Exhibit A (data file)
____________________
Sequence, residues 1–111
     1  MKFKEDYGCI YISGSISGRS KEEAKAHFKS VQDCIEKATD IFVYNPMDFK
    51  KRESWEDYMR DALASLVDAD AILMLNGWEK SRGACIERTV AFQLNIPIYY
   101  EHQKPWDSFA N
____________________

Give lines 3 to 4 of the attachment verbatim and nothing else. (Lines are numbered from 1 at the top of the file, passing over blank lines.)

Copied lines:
    51  KRESWEDYMR DALASLVDAD AILMLNGWEK SRGACIERTV AFQLNIPIYY
   101  EHQKPWDSFA N